Actress Jamie-Lynn Sigler, who was diagnosed with MS aged 20, has recently been trying to remove some of the stigma around walking sticks by talking on social media about how she uses hers. We asked our Facebook community for their advice to people who have just started to use a stick.
They are an enabler. You can buy some really funky ones to match your outfits. Also I prefer ones that have some ‘spring’ in them to act as shock absorbers for the hands, wrists, arms. Some have different ‘feet or paws’ for different terrain. Key is to get them the right height for your needs – Sue
You just gotta do what you gotta do, it’s nobody’s fault, it’s a tool to aid your mobility, if people judge you for having it, it’s THEIR perception problem. I’ve used a stick for about 13 years (I was about 25 and my youngest son was 3). I’ve been in a wheelchair and gone to a desert island (Tangalooma, Australia). You just need to keep moving forward, and don’t let what others think put you off using something to improve your life – John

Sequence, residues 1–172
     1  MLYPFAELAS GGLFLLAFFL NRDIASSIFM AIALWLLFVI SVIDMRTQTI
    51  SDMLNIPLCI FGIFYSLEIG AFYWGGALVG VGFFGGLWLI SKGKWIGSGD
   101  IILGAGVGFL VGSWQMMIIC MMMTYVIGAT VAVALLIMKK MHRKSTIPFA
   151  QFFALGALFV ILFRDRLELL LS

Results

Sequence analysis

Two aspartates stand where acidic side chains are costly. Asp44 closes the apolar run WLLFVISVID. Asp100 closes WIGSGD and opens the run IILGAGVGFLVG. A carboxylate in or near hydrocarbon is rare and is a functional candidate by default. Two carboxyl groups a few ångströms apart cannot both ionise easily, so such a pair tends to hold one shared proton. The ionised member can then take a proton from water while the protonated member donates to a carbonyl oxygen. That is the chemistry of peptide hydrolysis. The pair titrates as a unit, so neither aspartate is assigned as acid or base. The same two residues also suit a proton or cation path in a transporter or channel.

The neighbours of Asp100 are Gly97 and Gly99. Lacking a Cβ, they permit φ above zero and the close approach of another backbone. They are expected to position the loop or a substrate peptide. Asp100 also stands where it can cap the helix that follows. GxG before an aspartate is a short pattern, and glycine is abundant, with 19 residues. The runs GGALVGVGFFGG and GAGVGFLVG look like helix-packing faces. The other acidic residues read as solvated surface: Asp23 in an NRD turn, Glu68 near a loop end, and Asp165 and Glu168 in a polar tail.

I find using my stick makes me feel a lot less vulnerable. I am less likely to fall over and my “drunken” swaying reduced. I walk a bit faster. It’s also a bit of a shield: if I do bump into people, they’re a lot more understanding when they see the stick – Harriet
If people can’t see you past the walking device that’s their problem, you’re the same person after all. I have a bright pink walker and love it – Terri
We MSers probably all dislike it but just keep positive. Without my stick I’d be a crumpled mess on the floor...United we stick – Caroline
I made my walking stick and crutches personal. I used colourful sticky back to cover them and make them really cheerful – Chris
I look at my stick as an aid so I can do the things I want in life and make things a little bit easier” – Ashley